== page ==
By Corey Sandler
Honfleur is a medieval gem, hidden in plain sight, between the major French port of Le Havre across the Seine to the east and the D-Day beaches of Normandy to the west.
The town sits on the southern bank of the estuary of the River Seine, which winds its way inland past Rouen to Paris.
To the east is Normandy, the site of the D-day landings of June 6, 1944. We just missed the international commemoration of the 75th anniversary. Speaking for myself, I felt better about my visit–perhaps my tenth– without the distraction of bloviating politicians.
Here are some scenes from 11 June at Omaha Beach, the American cemetery at Colleville-sur-Mer, and at Arromanches.
THE D-DAY BEACHES AT NORMANDY
Also along the Normandy coast is the handsome city of Bayeux, home to one of the cultural treasures of humankind: The Bayeux Tapestry. It depicts the events leading up to the Norman conquest of England culminating in the Battle of hastings in 1066, from the point of view of the Normans.
Honfleur was the birthplace of the artist Eugène Boudin and the composer and artist Erik Satie. And it was a favored place to visit for French painters Claude Monet and Gustave Courbet, English landscape artist William Turner, and writer and critic Charles Baudelaire.
While much of Le Havre on the other side of the river, and Normandy were pounded by the Allies in the lead-up to the D-Day landing or by the Germans in defending it, Honfleur survived the war relatively untouched.
During German occupation, authorities in Honfleur allowed the River Seine to silt up the harbor, making it of little military value. After the war, the harbor was dredged and was once again useful.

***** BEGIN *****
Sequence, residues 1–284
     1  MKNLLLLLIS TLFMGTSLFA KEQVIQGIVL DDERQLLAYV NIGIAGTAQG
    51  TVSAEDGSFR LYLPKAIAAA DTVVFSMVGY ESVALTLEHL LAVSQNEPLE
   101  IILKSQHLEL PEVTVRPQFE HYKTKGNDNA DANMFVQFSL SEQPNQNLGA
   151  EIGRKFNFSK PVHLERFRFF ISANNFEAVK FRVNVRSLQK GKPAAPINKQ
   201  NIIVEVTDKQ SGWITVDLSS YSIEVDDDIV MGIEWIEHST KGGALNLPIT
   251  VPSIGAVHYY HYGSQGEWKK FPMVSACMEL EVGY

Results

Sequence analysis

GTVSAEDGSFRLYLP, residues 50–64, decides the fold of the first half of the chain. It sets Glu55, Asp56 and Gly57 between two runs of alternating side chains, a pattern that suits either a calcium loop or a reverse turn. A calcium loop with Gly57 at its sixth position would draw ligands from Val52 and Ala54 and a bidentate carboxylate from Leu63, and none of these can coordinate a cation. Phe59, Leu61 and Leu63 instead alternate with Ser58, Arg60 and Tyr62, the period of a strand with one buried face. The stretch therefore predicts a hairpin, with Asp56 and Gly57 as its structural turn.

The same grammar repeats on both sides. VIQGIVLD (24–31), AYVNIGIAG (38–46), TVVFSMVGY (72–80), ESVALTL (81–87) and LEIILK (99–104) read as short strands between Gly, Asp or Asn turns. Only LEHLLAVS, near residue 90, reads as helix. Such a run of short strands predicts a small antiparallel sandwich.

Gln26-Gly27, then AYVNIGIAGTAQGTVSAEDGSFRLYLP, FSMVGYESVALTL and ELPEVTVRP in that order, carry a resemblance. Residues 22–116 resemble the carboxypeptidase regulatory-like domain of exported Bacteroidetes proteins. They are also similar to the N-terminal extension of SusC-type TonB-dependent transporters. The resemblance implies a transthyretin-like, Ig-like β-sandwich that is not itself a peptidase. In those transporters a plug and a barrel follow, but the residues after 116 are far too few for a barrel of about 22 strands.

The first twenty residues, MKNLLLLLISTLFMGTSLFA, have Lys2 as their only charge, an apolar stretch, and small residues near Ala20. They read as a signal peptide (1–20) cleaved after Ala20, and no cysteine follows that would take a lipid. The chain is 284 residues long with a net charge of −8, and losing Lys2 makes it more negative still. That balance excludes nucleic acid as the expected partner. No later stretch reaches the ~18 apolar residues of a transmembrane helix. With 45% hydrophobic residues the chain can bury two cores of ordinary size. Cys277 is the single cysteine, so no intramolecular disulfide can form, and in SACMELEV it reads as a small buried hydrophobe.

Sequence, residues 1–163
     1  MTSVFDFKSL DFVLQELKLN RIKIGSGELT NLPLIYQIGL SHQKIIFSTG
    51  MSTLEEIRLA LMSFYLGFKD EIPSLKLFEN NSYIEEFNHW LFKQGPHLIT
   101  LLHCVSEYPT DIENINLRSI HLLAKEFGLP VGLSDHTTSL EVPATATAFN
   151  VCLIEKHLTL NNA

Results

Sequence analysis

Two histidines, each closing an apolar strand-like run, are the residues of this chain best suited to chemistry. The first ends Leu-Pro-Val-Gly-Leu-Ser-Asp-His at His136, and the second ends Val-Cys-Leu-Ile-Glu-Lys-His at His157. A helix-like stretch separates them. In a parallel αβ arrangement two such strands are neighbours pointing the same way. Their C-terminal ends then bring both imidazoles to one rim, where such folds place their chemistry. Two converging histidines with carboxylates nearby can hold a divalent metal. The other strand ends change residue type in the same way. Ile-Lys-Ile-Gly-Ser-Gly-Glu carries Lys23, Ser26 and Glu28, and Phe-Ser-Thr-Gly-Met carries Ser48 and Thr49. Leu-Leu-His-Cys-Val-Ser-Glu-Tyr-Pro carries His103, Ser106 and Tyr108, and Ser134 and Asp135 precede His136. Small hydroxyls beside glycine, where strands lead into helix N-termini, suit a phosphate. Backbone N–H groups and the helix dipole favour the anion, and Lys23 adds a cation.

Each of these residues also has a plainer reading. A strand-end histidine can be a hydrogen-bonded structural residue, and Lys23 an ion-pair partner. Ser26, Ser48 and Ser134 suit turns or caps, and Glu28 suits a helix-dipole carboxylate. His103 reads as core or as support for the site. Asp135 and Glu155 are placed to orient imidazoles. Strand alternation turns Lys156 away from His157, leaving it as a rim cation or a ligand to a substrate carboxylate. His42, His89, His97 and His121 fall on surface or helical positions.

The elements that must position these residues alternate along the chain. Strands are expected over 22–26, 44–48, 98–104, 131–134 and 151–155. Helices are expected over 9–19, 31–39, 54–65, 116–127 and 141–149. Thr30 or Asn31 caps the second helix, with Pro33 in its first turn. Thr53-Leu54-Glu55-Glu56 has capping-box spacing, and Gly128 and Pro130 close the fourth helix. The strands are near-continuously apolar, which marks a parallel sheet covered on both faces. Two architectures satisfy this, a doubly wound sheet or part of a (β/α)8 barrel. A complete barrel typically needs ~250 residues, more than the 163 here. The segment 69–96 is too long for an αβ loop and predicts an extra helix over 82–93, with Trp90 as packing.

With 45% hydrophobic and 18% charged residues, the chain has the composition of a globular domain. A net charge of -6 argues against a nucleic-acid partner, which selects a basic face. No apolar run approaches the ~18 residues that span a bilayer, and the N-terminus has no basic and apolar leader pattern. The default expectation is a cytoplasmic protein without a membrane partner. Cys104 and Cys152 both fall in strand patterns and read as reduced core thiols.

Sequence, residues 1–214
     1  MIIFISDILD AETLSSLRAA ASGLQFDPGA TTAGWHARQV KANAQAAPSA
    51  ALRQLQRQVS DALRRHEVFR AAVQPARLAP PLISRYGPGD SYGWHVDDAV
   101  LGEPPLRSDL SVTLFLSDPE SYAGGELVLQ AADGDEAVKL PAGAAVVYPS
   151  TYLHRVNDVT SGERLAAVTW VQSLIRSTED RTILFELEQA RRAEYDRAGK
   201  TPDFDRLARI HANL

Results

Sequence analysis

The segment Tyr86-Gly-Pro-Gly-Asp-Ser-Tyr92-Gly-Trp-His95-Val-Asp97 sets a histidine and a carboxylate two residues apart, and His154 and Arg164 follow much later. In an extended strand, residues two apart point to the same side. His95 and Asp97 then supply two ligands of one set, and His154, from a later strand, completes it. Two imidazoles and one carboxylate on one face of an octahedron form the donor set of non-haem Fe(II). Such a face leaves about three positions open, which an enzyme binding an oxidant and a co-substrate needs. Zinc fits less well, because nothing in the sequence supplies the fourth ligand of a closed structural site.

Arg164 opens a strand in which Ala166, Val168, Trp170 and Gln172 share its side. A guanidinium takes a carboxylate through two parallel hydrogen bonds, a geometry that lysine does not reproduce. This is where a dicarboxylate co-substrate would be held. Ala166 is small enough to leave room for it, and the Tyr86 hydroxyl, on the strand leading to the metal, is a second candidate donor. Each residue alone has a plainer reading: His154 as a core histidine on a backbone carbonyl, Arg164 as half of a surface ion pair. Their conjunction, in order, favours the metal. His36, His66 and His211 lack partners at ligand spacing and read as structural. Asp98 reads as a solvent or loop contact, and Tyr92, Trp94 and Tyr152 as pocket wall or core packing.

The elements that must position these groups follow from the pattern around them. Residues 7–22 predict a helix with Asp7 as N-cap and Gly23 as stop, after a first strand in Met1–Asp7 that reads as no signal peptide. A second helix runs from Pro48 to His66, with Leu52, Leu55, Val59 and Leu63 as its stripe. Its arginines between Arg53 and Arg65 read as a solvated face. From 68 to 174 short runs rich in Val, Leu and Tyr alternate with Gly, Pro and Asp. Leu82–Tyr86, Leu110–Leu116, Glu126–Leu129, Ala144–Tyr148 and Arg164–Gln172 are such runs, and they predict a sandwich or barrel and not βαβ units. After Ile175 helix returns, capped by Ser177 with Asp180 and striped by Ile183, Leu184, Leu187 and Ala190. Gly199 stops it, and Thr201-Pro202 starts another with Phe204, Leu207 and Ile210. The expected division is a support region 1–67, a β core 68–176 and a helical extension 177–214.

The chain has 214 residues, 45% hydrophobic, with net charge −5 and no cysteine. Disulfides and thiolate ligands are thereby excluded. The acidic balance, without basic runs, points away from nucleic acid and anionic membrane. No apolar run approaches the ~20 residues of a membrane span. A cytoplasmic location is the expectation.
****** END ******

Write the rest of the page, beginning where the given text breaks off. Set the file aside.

As a result, Honfleur is among the best preserved towns in Europe.
Honfleur dates back at least to the 11th century. From the start it was an important port for the transit of goods from Rouen to England. With the outbreak of the Hundred Years’ War, though, the tide ran the other way: Honfleur was occupied by the English in 1357 and again from 1419 to 1450.
Back under French control, it was used as the staging area for attacks on the English coast: Sandwich was assaulted and severely damaged in 1450s.
After the end of the Hundred Years War, the port was used for both trade and as the embarkation point for exploration: Local shipowner Binot Paulmier de Gonneville departed Honfleur in 1503 looking for a trade route to India. His ship “L’Espoir” (Hope) made it all the way to Brazil, the first French ship to touch its shores.
Three years later, native son Jean Denis went to Newfoundland island and the mouth of the Saint Lawrence in what is now Canada. That’s the course we’ll be following two months from now, when Silver Wind crosses over from London to Iceland and to the New World.
All photos and text Copyright 2019 by Corey Sandler, all rights reserved. See more photos on my website at http://www.coreysandler.com
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